5 Common Yoga Injuries and How to Prevent Them

5 Common Yoga Injuries and How to Prevent Them
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Yoga is often recommended as an injury prevention and rehab tool since it can increase flexibility and balance while boosting a mindful approach to movement. But just because it’s low impact and some classes are labeled as “gentle” doesn’t mean it’s an injury-free zone.

“There’s a perception that whatever you do on your mat is automatically safe,” says Dennis Cardone, associate professor of orthopedic surgery at NYU Langone Medical Center. “But that’s simply not true. Also, it may lead to a false sense of security and overconfidence; a dangerous mix that can result in a chronic issue in the long run.”

For example, yoga offers a good way to warm up for other activities — which can lower your risk of injuries as a result — however, Cardone says it’s helpful to be aware that improper form can cause problems. Here are the five most common issues, along with tips on how to prevent them:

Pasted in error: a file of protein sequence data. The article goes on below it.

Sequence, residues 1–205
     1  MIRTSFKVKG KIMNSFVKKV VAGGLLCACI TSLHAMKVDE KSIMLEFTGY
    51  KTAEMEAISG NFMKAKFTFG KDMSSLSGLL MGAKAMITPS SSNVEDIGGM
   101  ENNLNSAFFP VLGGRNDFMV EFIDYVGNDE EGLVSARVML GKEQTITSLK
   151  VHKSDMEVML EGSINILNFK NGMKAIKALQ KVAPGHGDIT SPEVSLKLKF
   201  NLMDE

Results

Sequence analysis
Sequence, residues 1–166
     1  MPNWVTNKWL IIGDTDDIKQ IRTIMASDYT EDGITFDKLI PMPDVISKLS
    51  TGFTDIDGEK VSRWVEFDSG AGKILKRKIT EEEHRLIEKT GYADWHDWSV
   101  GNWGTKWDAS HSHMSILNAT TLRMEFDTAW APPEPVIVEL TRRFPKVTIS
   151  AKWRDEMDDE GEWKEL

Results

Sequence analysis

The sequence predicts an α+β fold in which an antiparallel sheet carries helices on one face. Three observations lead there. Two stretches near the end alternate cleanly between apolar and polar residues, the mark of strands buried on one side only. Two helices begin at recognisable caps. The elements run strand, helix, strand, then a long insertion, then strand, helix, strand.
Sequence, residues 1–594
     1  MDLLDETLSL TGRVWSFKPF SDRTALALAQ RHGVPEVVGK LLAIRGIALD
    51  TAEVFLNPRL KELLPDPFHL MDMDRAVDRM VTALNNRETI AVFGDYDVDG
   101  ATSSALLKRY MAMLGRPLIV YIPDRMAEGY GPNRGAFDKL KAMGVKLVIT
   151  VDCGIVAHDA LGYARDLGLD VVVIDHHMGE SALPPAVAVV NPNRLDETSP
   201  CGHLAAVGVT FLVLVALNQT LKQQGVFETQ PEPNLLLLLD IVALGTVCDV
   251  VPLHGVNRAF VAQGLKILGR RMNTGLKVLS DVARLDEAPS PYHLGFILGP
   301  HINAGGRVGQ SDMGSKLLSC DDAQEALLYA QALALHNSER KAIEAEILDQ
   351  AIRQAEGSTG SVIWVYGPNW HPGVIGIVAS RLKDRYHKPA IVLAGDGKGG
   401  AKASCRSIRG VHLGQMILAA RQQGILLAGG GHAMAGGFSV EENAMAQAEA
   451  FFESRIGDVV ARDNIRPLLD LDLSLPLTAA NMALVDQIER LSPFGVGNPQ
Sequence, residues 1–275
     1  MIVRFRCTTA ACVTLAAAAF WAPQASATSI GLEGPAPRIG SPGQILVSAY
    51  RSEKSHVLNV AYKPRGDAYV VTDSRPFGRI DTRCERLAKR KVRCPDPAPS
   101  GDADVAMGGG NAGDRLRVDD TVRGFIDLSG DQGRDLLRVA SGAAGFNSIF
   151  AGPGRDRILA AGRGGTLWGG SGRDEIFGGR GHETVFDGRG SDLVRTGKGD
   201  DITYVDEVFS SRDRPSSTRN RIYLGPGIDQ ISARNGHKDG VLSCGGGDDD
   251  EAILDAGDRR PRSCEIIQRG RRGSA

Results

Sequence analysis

Yoga students seem to be especially prone to hamstring attachment issues, compared to those doing other types of activities, says yoga teacher Simon Park of Liquid Flow Yoga, which leads workshops around the world.

Located at the top of the hamstring, where the tendon attaches to the sit bone, this tiny area deep inside the bottom of the glutes can tear slightly with repeated overstretching. So, poses like forward folds can cause a strain if done too aggressively. When that happens, the tears can cause scar tissue to build up, and that can make the tendon even tighter.

“That leads to a student thinking they have to stretch even more,” says Park. “That, of course, just makes it worse.”

To minimize the chances of this happening, bend the knees and consciously engage or tighten the hamstrings. Often, hamstring attachment problems start because the hamstring releases and is slack as we hinge forward. That can cause a sharp tug on the attachment’s tendon, resulting in a tear.



When it comes to medical visits that originate with yoga, wrist pain may be the top complaint, Cardone notes. This tends to happen most with fast-moving yoga practices where students are jumping back into plank pose and then jumping forward.